Clinical nutritionist Jay Robb created the 3 day Fruit Flush Plan for people who feel they are in need of a detox and are showing signs that may include bloating, fatigue, irritability and carbohydrate addiction.
Jay Robb says that by eating specific foods dieters can remove toxins and flush away extra pounds in just three days. He claims that the key to maintaining health and long-term weight loss is to eat a balanced healthy diet with periodic cleanses with fresh raw fruit.
This is a 48-page book that gives instructions for a 3-day cleansing diet based on protein powder and fruit.
Fruit Flush Diet Basics
Fruit forms the basis of this diet and it’s high content of water, fiber, antioxidants, vitamins, minerals and low glycemic index carbohydrates are said to help dissolve toxins, improve liver function and increase energy levels.
The first day involves protein drinks that are taken five times a day at two hourly intervals. Dinner is a large raw vegetable salad with lean protein and olive oil or avocado.
Days two and three involve a serving of fresh fruit in place of the protein drinks and dinner is a large raw vegetable salad with olive oil or avocado and a protein drink.
- Whey protein
- Fresh fruits of choiceRaw salad vegetables (variety is important)
- Avocado (if used as a salad topping)
- Olive oil (for salad dressing)
- Lemons or limes
- Pure water
- Chicken, fish, turkey, lean beef or egg whites
Sample Diet Plan
|8 am – Protein drink|
|10 am – Protein drink|
|12 pm – Protein drink|
|2 pm – Protein drink|
|4 pm – Protein drink|
|6 pm- 3 to 6 cups raw vegetable salad, 3-6 oz lean chicken and 1 tablespoon olive oil|
Days 2 & 3
|Days 2 and 3|
|8 am – 2 cups cantaloupe|
|10 am – 2 cups strawberries|
|12 pm – 1 medium banana|
|2 pm – 2 medium apples|
|4 pm – 1 large mango|
|6 pm- 3 to 6 cups raw vegetable salad, ½ avocado and a protein drink|
Robb advises dieters to avoid cardio and weight training exercises for the duration of the plan.
Costs and Expenses
Fruit Flush costs $5 and is available in both hard copy and e-book format.
It is also necessary to purchase whey protein powder and a large amount of fruit.
- Can increase motivation to stay with a longer-term weight loss plan.
- Good to neutralize the effects of overindulgence prior to commencement of a healthy lifestyle eating program.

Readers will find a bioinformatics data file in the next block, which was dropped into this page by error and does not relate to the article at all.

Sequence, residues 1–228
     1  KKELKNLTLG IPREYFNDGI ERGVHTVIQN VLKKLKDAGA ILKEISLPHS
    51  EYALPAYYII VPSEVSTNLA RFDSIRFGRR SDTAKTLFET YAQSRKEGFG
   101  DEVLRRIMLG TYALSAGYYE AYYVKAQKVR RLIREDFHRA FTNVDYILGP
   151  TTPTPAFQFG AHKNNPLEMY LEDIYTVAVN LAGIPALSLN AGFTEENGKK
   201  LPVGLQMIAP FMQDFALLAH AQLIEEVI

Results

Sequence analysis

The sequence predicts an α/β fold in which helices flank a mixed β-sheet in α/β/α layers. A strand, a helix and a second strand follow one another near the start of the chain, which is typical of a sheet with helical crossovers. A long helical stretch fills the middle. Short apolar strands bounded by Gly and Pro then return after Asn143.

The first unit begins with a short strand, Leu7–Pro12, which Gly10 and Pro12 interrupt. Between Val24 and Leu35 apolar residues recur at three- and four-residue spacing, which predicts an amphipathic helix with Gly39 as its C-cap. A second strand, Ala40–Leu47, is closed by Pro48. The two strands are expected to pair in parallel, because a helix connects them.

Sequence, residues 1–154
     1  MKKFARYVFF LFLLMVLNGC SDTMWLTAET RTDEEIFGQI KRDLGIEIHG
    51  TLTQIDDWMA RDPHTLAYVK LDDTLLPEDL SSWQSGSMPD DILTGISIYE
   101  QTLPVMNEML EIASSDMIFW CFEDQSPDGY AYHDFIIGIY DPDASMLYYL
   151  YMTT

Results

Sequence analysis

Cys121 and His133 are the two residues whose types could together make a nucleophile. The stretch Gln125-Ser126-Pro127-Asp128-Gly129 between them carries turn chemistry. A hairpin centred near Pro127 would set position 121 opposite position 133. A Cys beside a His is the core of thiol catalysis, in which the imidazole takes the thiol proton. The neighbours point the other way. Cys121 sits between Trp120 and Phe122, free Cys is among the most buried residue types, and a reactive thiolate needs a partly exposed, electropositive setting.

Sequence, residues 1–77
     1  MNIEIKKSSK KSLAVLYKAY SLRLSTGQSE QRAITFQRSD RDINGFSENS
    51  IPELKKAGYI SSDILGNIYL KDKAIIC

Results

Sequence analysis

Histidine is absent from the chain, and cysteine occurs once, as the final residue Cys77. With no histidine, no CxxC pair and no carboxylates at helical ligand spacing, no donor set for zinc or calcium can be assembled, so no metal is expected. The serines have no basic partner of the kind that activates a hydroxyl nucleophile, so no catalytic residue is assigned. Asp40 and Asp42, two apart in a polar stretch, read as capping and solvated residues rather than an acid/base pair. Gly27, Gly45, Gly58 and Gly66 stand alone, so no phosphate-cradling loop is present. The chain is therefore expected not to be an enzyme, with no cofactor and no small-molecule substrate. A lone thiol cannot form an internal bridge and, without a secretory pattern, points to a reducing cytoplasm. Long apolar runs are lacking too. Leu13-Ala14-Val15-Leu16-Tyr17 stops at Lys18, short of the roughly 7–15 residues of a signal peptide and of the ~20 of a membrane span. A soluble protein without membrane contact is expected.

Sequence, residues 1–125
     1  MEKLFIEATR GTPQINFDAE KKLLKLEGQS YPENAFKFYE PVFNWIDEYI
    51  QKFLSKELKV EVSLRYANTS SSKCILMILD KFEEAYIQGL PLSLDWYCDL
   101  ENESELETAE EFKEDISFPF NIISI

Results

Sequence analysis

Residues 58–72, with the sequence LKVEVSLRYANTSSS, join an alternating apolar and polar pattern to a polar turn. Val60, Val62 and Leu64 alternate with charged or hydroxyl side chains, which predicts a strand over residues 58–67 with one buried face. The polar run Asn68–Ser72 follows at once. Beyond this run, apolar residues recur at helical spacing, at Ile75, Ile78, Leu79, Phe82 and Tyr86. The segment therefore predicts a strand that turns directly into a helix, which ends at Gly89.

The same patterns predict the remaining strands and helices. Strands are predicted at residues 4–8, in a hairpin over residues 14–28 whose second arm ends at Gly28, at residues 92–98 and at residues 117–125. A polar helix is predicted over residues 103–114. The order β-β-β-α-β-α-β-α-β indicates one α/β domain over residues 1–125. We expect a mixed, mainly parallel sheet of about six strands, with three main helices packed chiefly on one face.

- Can help reset the appetite in favor of healthier foods.
- Most people enjoy eating fruit.
- May be difficult for those with hypoglycemia and blood glucose imbalances to follow.
- Hunger and fatigue may be a problem for many dieters.
- May interfere with ability to carry out normal daily activities.
- Promises quick results that may not reflect a true weight loss.
While diets that overemphasize one food group to the exclusion of others are usually not recommended as a healthy approach to dieting, Robb avoids most of these problems by advising that the diet is only continued for 3 days and by including adequate amounts of protein and healthy fats in his plan.
His claims that dieters can lose 9 pounds in 3 days may be seen as misleading as it is not physically possible to lose this amount of fat in such a short time, so it is important to bear in mind that most of the weight lost on this plan is likely to be water.
Nonetheless this plan will be safer than many other detox plans for the majority of dieters, and will likely give a boost to motivation and energy that can kick start a lifestyle healthy weight loss program.
- Bazzano, L. A., He, J., Ogden, L. G., Loria, C. M., Vupputuri, S., Myers, L., & Whelton, P. K. (2002). Fruit and vegetable intake and risk of cardiovascular disease in US adults: the first National Health and Nutrition Examination Survey Epidemiologic Follow-up Study. The American journal of clinical nutrition, 76(1), 93-99. link
- Esfahani, A., Wong, J. M., Truan, J., Villa, C. R., Mirrahimi, A., Srichaikul, K., & Kendall, C. W. (2011). Health effects of mixed fruit and vegetable concentrates: a systematic review of the clinical interventions. Journal of the American College of Nutrition, 30(5), 285-294. link
- Pennings, B., Boirie, Y., Senden, J. M., Gijsen, A. P., Kuipers, H., & van Loon, L. J. (2011). Whey protein stimulates postprandial muscle protein accretion more effectively than do casein and casein hydrolysate in older men. The American journal of clinical nutrition, 93(5), 997-1005. link